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St. Peter and St. Paul and the Octave of Christian Unity

St. Peter and St. Paul and the Octave of Christian Unity

Dana Kramer-Rolls

Give us grace, O Lord, to answer readily the call of our Savior Jesus Christ and proclaim to all people the Good News of his salvation, that we and the whole world may perceive the glory of his marvelous works; who lives and reigns with you and the Holy Spirit, one God, for ever and ever. Amen. (Collect for the Third Sunday in Epiphany)

In 1908, a Franciscan Friar, Father Paul Wattson, proposed an octave devoted to Christian Unity, bracketed by the feasts commemorating the Confession of St. Peter and the Conversion of St. Paul. The point then and now is to address reconciliation of all branches of Christ’s Church. Healing the Body, Eastern and Western, Catholic and Protestant, Liturgical and Evangelical, is a call we all should heed. But I want to look at these two magisterial saints who were critical to spreading the Gospel of Christ, and, in many ways, the founders of his church.

Next Thursday, Jan. 25, is the feast of the Conversion of St. Paul. This past Thursday, Jan. 18, was the feast of the Confession of St. Peter. Two pillars of the early church, called to spread the Gospel, called to die for their mission. How different. How much the same. The collect above stands between those two feast days this year.

Peter first. The three synoptic Gospels all say that Jesus asks the question, “Who do you think I am.” The answer is the usual litany of prophets: John the Baptizer, Elijah, another prophet. It is Peter who declares Jesus is the Christ, the Messiah, and, in Matthew 16, that Jesus is the Son of the Living God. In Matthew, Jesus praises him, his rock solid disciple, but when Peter, almost immediately afterward, tells Jesus not to go to Jerusalem, he is in for a scolding. Poor Peter. Aren’t we all Peter? Jesus’ rock? Petra? Cephas? Head? Sometimes a colossal blockhead. The following chapter in all the Synoptics tells of the transfiguration, and Peter still isn’t quite on board. Loyal. Good hearted, but not quite there. Jesus is loving, patient, but firm with Peter. Formation is a slow process, and we all make mistakes. It is that same Peter who denies Jesus at the time of trial. Yes, by falling asleep and denying his Lord and God the community support he just might need. But outright, in fear, “I do not know the man.” The one that really gets me is Luke 22:61-62. The Lord looks straight at him. If you have ever experienced that look from a beloved parent or mentor, as I have, would you not have rather been shouted at or punished? It is devastating. It is also a model for all of us in renouncing sin, for turning in self-realization of our sin in shame, repentance, and finally in reconciliation. Not all tears are bad.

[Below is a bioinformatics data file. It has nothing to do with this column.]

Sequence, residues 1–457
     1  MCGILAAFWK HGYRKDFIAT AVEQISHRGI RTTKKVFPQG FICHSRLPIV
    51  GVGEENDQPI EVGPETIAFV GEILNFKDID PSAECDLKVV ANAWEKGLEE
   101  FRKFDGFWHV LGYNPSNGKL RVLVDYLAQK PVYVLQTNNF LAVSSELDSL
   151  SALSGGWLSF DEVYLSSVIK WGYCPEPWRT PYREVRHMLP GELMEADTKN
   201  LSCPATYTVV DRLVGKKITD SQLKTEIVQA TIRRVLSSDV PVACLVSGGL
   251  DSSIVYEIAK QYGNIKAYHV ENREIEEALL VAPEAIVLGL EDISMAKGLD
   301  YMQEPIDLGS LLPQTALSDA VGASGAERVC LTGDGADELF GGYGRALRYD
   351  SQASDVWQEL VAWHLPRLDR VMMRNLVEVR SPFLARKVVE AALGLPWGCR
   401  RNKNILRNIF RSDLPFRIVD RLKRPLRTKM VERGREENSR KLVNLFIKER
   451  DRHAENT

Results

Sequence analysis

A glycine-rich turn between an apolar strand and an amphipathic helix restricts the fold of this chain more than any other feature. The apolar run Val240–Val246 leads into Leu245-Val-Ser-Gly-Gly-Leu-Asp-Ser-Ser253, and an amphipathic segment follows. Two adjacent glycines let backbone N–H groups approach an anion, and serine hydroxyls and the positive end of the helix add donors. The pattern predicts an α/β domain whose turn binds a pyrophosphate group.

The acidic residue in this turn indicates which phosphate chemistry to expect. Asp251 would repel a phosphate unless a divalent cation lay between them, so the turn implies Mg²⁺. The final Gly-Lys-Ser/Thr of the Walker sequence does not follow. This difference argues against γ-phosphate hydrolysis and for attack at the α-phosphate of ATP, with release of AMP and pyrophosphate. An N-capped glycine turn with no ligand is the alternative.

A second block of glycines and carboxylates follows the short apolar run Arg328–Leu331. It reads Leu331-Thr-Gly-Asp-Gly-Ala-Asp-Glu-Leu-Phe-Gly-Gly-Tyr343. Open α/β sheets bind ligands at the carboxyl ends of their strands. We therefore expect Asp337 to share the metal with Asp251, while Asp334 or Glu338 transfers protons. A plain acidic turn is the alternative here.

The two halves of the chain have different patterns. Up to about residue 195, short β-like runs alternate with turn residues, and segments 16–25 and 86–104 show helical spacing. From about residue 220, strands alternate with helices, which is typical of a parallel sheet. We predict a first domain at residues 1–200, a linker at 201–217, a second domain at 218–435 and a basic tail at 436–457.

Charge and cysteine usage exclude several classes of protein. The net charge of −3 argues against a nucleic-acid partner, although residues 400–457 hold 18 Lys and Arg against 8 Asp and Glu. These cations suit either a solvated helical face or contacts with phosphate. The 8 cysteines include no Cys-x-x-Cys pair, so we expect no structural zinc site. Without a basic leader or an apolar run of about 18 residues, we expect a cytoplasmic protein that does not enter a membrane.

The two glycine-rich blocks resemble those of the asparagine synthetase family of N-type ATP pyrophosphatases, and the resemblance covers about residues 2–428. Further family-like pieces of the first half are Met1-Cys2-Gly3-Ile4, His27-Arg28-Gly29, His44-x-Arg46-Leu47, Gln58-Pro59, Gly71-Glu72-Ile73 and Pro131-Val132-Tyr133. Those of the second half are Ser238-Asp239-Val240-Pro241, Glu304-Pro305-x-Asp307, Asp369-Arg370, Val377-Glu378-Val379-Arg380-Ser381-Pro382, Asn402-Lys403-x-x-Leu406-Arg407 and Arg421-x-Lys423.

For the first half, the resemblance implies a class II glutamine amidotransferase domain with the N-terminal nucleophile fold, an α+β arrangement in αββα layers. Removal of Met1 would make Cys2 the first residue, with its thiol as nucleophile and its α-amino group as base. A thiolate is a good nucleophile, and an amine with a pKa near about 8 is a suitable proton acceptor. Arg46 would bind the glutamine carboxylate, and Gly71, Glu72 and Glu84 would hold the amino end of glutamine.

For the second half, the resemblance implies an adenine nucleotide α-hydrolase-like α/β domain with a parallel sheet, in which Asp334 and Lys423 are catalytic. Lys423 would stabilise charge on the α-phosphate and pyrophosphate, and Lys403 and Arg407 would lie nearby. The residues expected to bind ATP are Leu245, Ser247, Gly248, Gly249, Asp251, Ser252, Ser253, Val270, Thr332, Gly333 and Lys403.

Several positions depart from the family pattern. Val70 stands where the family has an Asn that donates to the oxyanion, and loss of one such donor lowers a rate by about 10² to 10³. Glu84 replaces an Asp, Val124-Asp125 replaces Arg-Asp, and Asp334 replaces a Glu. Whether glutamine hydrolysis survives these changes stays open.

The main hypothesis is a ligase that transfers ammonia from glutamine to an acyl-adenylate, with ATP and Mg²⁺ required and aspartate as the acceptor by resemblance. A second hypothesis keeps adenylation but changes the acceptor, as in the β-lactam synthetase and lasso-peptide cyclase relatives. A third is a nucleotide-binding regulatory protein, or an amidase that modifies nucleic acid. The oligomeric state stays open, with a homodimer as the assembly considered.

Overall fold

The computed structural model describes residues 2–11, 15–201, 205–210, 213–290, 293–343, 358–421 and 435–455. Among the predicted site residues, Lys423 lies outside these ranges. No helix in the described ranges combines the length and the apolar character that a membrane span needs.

This is the rock on which our Church is built. No wonder we are split like flawed rocks, unfit for the builder. But that is our human condition. That human condition is the one God came down to experience, to teach us, and to heal us.